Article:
Described as "unconventional, quirky, and voyeuristic", Peppered Wit's production of Blink by Phil Porter fulfills each of those descriptions. Whatever your understanding of love might be, it is almost certainly not what transpires between Jonah and Sophie. This is an odd take on a common subject, but then, as we are told at the beginning, "love is not a cast iron set of symptoms" but rather "whatever you feel it to be".
Even the sparse moments of humour are tinged with blandness, as though it would be a sin to indulge in too much jocularity
Even before they know each other, their lives have parallel moments in a series of life-changing and probably permanently damaging childhood experiences: his in Yorkshire, hers in Leytonstone. As young adults, they carry the burdens of their upbringings and childhood bereavements into dysfunctional maturity. Their early isolation is reflected in the simple set by Chris Alcock, which adapts easily to bring them together and with versatility to create the setting for each scene.
The production is sustained by the storyline and the intrigue is generated by observing the strange lives of these two people. The dialogue is slow, softly spoken and measured, yet this steady pace is maintained throughout; rarely is there any buildup of momentum. While this verges on the tedious at times, there is a certain fascination in the lifelessness with which Rob Hall and Tara Lacey portray their lonely, introverted characters. Their bland telling of this twin biography perhaps reflects who their characters are as individuals and what they briefly become as a pairing. Even the sparse moments of humour are tinged with blandness, as though it would be a sin to indulge in too much jocularity.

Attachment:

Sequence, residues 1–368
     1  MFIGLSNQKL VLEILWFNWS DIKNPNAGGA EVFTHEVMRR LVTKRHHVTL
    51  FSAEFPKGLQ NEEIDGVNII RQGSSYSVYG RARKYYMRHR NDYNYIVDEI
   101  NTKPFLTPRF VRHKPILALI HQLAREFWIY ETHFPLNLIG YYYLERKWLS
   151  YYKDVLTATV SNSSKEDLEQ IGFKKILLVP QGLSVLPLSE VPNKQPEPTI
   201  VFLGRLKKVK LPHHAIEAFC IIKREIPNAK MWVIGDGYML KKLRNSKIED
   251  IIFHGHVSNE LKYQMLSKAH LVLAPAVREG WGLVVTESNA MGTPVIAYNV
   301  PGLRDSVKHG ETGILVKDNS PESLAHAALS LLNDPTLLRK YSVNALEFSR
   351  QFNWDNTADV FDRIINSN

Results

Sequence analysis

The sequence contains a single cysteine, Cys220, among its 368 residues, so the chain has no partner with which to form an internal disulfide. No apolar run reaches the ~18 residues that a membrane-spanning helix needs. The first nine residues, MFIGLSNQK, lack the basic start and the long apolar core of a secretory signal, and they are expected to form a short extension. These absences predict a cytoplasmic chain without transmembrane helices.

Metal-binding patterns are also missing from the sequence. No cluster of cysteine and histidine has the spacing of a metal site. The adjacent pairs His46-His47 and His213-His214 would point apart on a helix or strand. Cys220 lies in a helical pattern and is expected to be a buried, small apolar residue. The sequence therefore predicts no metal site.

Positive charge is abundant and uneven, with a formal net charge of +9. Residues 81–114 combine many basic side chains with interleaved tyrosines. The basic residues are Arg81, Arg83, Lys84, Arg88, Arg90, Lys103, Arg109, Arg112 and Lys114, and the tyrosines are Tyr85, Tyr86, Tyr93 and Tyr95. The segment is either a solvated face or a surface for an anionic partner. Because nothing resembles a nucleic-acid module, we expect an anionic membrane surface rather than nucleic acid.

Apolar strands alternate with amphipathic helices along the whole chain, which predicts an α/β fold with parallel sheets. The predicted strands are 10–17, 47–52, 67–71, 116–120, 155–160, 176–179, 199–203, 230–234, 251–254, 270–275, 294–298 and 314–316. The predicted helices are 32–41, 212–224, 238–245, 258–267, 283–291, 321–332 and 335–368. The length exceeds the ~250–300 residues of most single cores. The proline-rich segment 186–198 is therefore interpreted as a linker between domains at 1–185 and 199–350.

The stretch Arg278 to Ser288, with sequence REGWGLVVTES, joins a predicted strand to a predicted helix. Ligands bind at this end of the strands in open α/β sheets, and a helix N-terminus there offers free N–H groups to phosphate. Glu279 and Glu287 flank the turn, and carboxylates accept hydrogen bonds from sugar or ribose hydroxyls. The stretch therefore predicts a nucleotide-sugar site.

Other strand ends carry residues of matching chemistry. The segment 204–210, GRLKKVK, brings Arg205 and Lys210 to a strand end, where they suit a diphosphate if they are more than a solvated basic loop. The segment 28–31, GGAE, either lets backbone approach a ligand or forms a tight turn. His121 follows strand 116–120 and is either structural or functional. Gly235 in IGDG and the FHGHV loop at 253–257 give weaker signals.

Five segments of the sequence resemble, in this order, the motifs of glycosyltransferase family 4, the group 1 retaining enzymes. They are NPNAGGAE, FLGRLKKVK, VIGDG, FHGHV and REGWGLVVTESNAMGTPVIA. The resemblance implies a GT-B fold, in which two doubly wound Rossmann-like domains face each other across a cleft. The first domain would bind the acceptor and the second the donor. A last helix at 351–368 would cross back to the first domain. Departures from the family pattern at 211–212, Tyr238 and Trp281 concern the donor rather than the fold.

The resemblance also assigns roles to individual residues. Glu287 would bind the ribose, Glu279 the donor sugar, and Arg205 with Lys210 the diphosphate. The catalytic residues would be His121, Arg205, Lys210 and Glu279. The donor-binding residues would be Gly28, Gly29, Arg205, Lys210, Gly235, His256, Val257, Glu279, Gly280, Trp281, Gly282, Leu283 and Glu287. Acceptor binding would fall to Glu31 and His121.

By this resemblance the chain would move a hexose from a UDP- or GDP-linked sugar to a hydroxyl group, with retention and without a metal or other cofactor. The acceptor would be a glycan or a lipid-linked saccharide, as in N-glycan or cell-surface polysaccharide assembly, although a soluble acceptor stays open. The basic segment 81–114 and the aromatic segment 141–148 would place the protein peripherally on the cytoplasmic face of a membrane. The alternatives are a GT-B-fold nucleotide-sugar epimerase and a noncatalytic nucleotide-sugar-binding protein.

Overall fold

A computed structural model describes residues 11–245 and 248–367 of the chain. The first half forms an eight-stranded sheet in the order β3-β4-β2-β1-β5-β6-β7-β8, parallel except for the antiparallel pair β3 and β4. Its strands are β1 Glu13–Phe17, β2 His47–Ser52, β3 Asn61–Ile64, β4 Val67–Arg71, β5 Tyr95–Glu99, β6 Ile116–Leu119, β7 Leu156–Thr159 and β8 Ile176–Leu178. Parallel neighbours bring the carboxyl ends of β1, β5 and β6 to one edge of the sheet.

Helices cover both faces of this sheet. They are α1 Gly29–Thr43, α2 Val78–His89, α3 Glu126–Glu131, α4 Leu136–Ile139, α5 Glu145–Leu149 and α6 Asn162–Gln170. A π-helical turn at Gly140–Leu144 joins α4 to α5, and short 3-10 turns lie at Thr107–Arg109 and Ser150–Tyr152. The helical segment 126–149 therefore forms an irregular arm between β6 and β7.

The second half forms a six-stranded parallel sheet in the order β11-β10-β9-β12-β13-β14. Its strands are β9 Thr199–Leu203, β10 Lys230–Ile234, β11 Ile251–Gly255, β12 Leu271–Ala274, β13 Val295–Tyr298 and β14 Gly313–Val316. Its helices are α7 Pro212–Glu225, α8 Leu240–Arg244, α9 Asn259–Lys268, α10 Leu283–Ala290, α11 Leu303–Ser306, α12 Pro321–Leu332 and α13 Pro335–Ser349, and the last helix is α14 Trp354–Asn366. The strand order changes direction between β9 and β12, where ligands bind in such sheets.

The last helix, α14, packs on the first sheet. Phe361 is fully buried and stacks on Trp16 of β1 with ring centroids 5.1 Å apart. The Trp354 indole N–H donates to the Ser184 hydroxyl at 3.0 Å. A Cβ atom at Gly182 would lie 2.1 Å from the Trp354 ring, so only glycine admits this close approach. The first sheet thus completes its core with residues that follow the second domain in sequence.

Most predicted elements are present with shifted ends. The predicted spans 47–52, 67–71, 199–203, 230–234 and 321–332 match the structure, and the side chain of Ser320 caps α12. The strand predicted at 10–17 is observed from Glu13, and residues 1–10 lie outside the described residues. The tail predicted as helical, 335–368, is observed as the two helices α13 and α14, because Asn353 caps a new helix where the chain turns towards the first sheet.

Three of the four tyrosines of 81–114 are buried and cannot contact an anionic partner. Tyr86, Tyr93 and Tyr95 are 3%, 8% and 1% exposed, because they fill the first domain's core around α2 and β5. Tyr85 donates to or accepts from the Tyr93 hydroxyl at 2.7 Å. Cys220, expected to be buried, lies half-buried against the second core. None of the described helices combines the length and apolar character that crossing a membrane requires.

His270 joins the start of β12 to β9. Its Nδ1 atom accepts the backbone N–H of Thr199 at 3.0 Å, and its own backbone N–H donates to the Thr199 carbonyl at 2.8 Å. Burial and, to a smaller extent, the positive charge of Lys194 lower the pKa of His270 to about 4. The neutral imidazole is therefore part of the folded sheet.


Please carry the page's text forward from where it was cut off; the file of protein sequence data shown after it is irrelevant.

The other-worldliness of this tale creates a level of intrigue and sense of mystification in which "a willing suspension of disbelief" does not go amiss when contemplating the bizarre nature of some the events. The idea that someone would want to be stalked and have her life observed, to the point that she sets up the camera and provides the viewing screen, is not something most people would desire; but then many have done it for Big Brother.
If you are fascinated by what makes people tick and the psychological factors that impact on relationships, this life history and weird love story in one episode will have some appeal, but it is more of a curiosity than a gripping drama.